Thursday, November 5, 2015

Who wouldn't want to "Own a day" at their library?

Brilliant idea for you to use at your library to raise some cash!  Contact us at for a details.

Thursday, October 8, 2015

GALILEO, public libraries join to provide Mango Languages

GALILEO, the state's virtual library,
and Georgia Public Library Service
now offer residents free access to
Mango Languages suite of language-
learning resources through
their local public libraries.

Mango, can be accessed anywhere
with an Internet connection,
currently offers 63 foreign-language
courses for English speakers, as well
as 17 English-as-a-second-language
courses. All are taught completely in
the users native language, with each
lesson combining real-life situations
and audio from native speakers with
simple, clear instructions. The courses
are presented with an appreciation
for cultural nuance and real-world
application by focusing on the four
key elements of language learning:
vocabulary, pronunciation, grammar
and culture.

"Providing language learning
tools is just one of the many ways
that public libraries serve their local
communities," said Wendy Cornelisen,
assistant state librarian for
library innovation and collaboration.

For years, the local library has
been a go-to source for travel guides
and trip planners. Now that GALILEO
has added Mango, public libraries in
Georgia have even more of the
resources travelers need to prepare
for visits to other countries. "Being
able to say even just a few words in
the local language helps make travel
easier and more enjoyable,"
Cornelisen said, noting that Mango
will also help many Georgians better
speak the languages of commerce.

"According to the U.S. Census
Bureau, Georgia companies exported
nearly $39.4 billion in goods and
services to 211 countries and
territories in 2014," she explained.
"Companies in Georgia benefit from
employees who know more than one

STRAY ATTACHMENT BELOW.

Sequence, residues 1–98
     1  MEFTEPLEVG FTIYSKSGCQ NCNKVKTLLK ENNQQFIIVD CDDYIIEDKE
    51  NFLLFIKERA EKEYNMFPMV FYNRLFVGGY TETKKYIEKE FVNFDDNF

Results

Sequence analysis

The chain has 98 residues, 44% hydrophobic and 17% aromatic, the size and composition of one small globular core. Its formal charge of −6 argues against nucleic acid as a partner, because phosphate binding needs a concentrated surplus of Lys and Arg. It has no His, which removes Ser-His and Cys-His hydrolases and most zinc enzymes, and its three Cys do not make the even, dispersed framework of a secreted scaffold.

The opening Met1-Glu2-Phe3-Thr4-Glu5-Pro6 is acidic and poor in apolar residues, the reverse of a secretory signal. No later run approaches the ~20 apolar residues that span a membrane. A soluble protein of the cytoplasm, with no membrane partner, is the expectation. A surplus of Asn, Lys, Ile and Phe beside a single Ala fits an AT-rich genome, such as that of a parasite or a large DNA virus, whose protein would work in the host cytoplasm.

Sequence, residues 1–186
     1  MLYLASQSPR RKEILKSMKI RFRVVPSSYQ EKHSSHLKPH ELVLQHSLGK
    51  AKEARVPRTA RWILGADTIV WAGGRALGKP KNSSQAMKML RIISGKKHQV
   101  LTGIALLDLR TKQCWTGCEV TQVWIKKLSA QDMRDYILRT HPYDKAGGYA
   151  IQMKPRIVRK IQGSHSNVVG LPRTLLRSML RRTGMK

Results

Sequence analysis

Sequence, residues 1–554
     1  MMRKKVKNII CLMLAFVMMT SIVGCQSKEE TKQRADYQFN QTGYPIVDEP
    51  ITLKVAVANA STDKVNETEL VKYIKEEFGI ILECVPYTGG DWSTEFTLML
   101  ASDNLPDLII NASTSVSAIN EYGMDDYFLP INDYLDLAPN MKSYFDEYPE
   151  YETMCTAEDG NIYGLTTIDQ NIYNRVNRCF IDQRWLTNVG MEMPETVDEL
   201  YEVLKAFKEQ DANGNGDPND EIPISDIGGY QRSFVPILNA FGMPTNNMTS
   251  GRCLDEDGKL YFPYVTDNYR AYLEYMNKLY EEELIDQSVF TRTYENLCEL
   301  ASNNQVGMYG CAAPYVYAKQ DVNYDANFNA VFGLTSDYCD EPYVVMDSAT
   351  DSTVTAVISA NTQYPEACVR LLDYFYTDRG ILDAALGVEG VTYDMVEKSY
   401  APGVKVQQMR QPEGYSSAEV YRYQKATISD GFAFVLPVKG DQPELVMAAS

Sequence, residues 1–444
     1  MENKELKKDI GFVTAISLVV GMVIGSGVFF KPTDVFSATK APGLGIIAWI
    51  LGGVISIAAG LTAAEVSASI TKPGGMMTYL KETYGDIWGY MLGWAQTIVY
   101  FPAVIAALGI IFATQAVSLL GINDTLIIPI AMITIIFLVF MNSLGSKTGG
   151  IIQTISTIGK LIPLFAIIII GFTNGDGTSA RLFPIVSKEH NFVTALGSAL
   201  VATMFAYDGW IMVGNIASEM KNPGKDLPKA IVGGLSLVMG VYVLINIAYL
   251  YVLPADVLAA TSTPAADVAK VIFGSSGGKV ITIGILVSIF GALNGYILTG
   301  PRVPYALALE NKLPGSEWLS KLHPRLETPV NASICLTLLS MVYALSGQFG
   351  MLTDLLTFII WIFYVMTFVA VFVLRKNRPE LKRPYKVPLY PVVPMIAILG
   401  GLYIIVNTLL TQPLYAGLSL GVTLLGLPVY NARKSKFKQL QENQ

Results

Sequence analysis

language and are able to better
bridge cultures. Along with its
language-learning resources, Mango
also provides valuable cultural
insights that can help residents forge
new partnerships here and abroad.

"In addition, most students
applying to college need to take two
years of the same foreign language.
Since Mango is available around the
clock from any Internet-connected
device, students with a Georgia
library card will have new ways to
practice and improve skills in their
chosen language anytime."

To help residents get started,
GALILEO is offering webinars for
Georgia-based users. Details are
online at An
archived "All about Mango" webinar
is also available at

GALILEO, public libraries join to provide Mango Languages

Friday, September 11, 2015


  Every year, FOGL offers the following awards, designed to support your friends groups activities, and to help fund your author appearances:
  • FOGL AUTHOR APPEARANCE GRANT.  This $500 grant is in support of author appearances/events sponsored by local friends groups that are current FOGL members.  Proposals must be received by February 28, 2016.
  • FOGL's 2016 "BEST FRIEND" AWARD.  We seek to recognize those who strengthen Georgia's libraries through their advocacy efforts.  To this end, the "Best Friend" award is presented to an exemplary library advocate at our annual membership meeting.  Deadline for nominations is December 31, 2015.
  • FOGL's 2016 "FABULOUS FRIENDS" AWARD.  Similar in nature to the above, these outstanding nominees will have made a significant contribution to statewide advocacy efforts on behalf of Georgia's libraries, or will have substantially contributed to the development of their local library or libraries.  Deadline for nominations is also December 31, 2015.
As of today's date, we have yet to receive any applications for the above three awards.  Hence, your odds of winning are indeed considerable!  However, "you can't win if you don't play the game" as they say.  So please, when you're able, take a moment to review these opportunities and their applications at  While you're at our site, consider becoming a member!  It's hands down the least expensive professional organization out there to be involved with, for both individuals and group members.